Hassan Ballout to open Albero Cafe in former Bocconcini Italian Eatery space

WICHITA — A new Italian restaurant is opening in the former Bocconcini Italian Eatery space near Central and Oliver, and many Wichitans will recognize the owner.

“I’m going independent,” says Hassan Ballout, who has been at Bella Luna Cafe on East Central for a decade.

“I’m going to open my own little show.”

Ballout is Lebanese, but he says, “I love Italian food.”

He plans to call the restaurant Albero Cafe.

Ballout says “albero” means “tree” in Italian.

“My last name, Ballout, means oaks, an oak tree,” he says.

Also, Ballout says, his daughter and niece like the name, so that won over some others he was considering.

In addition to working at Bella Luna, Ballout has also worked for the Hyatt Regency Wichita and Latour Management.

“You can only grow so much with any company,” he says.

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Sugar Sister Kelli Sykes to reopen Sugar Sisters Bakery in Delano

WICHITA — The Sugar Sisters are back.

Kelli Sykes is reopening Sugar Sisters Bakery, this time in Delano, with a little behind-the-scenes help from her sisters Kristine and Katie.

The sisters closed their original Sugar Sisters Bakery & Cafe near Central and Oliver in January after struggling financially and with service issues for three years.

“I learned from our mistakes the first time,” Kelli Sykes says.

“My sisters kind of gave up (and) wanted to pursue their dreams, but I still wanted to do a bakery,” she says.

“In high school I went to Kapaun, and everyone called me Betty Crocker (and) Mom. They all wanted me to open a bakery. That’s kind of where my dream started.”

The new business will be in 1,200 square feet at 917 W. Douglas just down from Club Billiards.

Joey Ritchie and Leisa Lowry of J.P. Weigand & Sons handled the deal.

Sugar Sisters mainly will be a bakery but will have some lunch items as well and seating for about 10.

Sykes says her bierocks will be a staple.

“Anyone who’s had them has been instantly addicted.”

She’ll also serve chicken salad, quiche and some deli items such as cold pasta.

Since the other business closed, Sykes says she’s been doing special orders and has been receiving great feedback.

For instance, one drug rep orders about 100 cupcakes a week.

“She says every time she takes them somewhere people go crazy,” Sykes says. She says fans of the restaurant have “been going nuts since we closed.”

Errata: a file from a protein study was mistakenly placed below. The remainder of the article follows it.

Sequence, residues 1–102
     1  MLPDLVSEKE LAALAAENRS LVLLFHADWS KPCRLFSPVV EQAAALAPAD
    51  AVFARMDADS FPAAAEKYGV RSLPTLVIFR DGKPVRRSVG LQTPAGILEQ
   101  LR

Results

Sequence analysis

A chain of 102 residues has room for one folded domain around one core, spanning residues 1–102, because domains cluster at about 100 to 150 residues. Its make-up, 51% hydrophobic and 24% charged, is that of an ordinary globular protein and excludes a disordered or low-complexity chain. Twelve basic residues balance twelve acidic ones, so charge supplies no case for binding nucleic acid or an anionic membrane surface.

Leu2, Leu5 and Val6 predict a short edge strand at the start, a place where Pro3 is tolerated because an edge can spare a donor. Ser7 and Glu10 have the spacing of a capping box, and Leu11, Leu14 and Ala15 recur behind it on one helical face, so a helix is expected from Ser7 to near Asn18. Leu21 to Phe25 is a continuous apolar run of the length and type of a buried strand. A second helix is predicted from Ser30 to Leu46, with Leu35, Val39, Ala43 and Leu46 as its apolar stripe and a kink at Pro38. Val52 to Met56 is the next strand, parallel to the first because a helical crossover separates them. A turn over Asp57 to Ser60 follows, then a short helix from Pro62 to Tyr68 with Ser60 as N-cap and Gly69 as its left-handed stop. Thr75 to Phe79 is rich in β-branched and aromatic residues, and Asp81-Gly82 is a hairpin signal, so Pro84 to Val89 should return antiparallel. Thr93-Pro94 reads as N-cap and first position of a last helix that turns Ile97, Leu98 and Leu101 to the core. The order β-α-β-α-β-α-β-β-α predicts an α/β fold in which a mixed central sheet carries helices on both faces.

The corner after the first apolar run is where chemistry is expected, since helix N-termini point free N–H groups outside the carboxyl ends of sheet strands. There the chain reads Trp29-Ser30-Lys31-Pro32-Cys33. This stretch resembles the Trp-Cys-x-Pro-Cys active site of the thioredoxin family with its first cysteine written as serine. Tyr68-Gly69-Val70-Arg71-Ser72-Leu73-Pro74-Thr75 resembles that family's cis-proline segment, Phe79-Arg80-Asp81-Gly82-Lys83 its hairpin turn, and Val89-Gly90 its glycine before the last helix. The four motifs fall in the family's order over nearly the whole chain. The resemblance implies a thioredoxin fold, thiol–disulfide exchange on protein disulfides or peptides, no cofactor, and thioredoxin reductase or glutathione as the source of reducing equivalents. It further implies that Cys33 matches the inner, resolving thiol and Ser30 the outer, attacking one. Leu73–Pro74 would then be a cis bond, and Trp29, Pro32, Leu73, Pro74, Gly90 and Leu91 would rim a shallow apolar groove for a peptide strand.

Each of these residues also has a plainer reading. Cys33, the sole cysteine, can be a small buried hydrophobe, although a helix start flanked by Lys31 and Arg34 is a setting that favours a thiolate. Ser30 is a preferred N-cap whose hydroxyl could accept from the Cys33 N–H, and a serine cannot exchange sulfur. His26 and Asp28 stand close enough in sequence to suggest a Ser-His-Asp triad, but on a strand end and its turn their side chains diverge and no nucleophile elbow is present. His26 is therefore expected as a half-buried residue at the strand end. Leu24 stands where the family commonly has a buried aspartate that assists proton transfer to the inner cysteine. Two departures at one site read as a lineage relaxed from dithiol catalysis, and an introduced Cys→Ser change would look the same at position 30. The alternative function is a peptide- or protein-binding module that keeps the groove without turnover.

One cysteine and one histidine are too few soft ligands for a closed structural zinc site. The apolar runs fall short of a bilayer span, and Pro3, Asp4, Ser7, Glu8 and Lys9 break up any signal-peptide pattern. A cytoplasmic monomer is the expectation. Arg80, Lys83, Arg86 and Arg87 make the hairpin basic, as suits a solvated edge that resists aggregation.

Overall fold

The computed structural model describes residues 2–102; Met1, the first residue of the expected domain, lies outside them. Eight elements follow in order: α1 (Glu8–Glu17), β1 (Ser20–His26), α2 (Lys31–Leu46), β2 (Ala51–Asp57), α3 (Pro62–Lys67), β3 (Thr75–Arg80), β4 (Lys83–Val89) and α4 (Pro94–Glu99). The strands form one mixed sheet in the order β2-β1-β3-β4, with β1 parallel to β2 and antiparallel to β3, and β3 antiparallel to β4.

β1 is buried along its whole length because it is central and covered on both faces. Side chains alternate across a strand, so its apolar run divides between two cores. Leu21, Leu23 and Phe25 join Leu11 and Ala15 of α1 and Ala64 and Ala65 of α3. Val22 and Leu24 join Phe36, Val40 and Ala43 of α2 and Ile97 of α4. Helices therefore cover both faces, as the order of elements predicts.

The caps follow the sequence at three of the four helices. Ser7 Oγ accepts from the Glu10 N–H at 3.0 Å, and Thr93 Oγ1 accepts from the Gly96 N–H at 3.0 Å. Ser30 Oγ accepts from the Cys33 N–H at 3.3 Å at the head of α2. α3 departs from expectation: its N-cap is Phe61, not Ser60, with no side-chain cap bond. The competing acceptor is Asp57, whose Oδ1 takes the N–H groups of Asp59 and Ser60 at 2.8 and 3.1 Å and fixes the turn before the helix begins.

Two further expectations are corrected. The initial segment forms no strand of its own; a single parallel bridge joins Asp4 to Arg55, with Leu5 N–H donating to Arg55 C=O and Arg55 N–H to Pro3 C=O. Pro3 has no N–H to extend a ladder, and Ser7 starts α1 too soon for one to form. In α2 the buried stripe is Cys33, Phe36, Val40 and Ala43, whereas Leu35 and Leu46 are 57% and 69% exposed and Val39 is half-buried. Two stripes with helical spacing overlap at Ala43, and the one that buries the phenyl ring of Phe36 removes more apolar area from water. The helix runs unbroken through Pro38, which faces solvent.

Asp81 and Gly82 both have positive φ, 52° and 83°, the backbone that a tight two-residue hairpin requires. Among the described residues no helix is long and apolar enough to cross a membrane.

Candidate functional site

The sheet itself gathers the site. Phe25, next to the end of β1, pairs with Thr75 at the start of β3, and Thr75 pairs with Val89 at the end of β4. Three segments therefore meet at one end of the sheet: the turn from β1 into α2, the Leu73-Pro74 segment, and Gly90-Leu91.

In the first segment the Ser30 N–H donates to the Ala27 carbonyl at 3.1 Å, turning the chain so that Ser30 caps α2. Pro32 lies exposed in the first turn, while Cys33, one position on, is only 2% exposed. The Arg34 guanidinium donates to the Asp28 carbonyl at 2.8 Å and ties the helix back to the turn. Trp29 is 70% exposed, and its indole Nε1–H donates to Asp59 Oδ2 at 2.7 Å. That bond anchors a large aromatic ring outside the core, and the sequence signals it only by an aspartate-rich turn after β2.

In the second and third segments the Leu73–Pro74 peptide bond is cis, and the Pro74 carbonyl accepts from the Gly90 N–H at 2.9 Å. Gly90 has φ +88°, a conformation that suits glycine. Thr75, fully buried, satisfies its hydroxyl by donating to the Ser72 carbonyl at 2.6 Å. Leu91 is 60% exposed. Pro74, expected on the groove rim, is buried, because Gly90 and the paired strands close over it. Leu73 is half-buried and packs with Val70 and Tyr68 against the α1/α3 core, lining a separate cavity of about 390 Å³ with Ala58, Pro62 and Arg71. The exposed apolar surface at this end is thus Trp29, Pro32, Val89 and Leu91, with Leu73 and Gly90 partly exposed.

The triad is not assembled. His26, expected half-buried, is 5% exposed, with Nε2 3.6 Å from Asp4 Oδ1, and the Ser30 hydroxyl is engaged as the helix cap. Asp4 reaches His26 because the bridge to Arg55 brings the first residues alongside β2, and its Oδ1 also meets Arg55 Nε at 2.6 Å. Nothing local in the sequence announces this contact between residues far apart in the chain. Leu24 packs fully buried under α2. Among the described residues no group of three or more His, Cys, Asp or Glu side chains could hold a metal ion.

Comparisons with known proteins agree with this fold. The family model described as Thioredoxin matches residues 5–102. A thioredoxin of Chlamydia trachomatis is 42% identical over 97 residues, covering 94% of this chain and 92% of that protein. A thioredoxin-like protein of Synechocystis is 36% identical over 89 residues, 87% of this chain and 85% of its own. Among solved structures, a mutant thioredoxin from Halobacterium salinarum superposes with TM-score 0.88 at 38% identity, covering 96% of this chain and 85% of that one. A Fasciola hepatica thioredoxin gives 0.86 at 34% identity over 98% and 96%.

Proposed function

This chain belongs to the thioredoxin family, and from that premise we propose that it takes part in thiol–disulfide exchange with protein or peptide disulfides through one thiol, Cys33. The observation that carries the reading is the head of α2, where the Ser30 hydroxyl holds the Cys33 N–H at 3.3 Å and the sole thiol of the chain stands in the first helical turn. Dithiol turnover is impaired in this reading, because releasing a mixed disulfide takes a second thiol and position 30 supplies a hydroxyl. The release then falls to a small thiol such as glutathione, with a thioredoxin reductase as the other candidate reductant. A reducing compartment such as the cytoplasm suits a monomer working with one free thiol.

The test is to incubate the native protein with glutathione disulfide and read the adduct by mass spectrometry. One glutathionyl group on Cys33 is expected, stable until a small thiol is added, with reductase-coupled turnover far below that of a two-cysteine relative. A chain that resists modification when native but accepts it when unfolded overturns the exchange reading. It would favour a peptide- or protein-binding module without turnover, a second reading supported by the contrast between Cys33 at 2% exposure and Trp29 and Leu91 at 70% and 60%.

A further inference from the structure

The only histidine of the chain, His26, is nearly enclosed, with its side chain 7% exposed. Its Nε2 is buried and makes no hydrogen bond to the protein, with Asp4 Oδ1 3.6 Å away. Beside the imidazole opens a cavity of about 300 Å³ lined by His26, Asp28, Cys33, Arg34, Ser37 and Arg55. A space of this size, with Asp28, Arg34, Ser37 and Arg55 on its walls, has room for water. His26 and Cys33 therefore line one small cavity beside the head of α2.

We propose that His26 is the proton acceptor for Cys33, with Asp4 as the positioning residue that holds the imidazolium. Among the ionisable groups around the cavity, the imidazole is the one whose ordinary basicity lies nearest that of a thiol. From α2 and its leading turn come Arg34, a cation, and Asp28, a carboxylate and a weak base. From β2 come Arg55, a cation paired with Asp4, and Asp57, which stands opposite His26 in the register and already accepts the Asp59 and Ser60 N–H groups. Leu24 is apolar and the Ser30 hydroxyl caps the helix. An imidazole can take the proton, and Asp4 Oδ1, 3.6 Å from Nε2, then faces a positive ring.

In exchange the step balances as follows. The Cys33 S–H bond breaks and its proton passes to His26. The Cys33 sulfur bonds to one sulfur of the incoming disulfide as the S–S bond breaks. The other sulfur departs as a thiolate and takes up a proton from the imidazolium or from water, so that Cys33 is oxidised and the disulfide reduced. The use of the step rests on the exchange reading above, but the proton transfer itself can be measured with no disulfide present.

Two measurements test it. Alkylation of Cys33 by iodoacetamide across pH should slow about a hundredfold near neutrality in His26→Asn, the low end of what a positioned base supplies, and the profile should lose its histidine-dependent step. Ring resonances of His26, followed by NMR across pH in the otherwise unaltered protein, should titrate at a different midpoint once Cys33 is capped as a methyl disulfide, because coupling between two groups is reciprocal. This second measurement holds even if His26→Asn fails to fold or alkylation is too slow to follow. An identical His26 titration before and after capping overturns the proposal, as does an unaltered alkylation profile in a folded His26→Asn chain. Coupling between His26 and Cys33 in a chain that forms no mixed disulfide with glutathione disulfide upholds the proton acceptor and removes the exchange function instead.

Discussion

For those who weren’t fans or were disappointed by a previous experience, Sykes says, “I would invite them to give me another chance.”

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Italian Bistro to open in former Restaurant 155 space at First and Market

WICHITA — A third new Italian restaurant is coming to Wichita.

Kas Zendeli, who owns Bravo’s Italiani in Valley Center, is opening Italian Bistro in the former Restaurant 155 space in the Market Centre downtown at First and Market.

This follows news from Melad Stephan, who is opening Luca Italian Kitchen in his former Uptown Bistro space in Old Town Square later this month.

Bocco Deli owner Nathan Toubia, who used to work for Lidia’s in Kansas City, also is opening an Italian restaurant. His as-of-yet-unnamed business is coming soon to the former Sugar Sisters Bakery & Cafe space near Central and Oliver.

Zendeli, who is Albanian, plans a traditional Italian menu for his new restaurant. He’s keeping his Valley Center restaurant, too.

Is he a glutton for punishment having two restaurants in two cities?

“Every business is punishment,” Zendeli says. “Since 1969 I’m in this punishment.”

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Nathan Toubia to open Italian restaurant in former Sugar Sisters Bakery & Cafe

WICHITA — Bocco Deli owner Nathan Toubia confirms what Have You Heard? reported last week:

He’s opening a second restaurant in July in the former Sugar Sisters Bakery & Cafe space near Central and Oliver.

The concept will be different than Bocco Deli, which sells soup, sandwiches and salads.

The new place will be Italian.

“This will be more full-scale pasta dishes,” Toubia says. “A lot of the dishes that I did . . . when I worked at Lidia’s in Kansas City.”

There will be fresh pasta, cannelloni and steak.

“Everything Italian.”

The new restaurant is as of yet unnamed.

“I’m not fully committed on the name,” Toubia says. “It’s a big decision.”

Bocco Deli will remain open as well with shorter hours. The new hours, which are effective now, will be 11 a.m. to 4 p.m. Monday through Saturday.

Toubia is remodeling the former Sugar Sisters space, which had a pink-and-brown color scheme and a large counter along the south wall.

He’s altering the counter area to create more seating. Currently, there are about 50 seats in the restaurant. When Toubia is through remodeling, there will be about 60.

He’s opening the kitchen area as well, and there will be a window where diners can see into the kitchen.

Toubia is a tad coy when asked about other future restaurants.

Will this be it?

“For now, yes.”

So does that mean perhaps he’d like a restaurant empire similar to his late father Antoine’s?

“Well, yeah,” Toubia says. “I think that’s what I was meant to do, so we’ll see where it takes me.”

Nathan Toubia is working on a second restaurant deal

WICHITA — It looks like Bocco Deli owner Nathan Toubia, son of the late restaurateur Antoine Toubia, is working on opening a second restaurant.

He opened Bocco Deli in the former Zoomdweebie’s Tea Bar space at 3010 E. Central in November.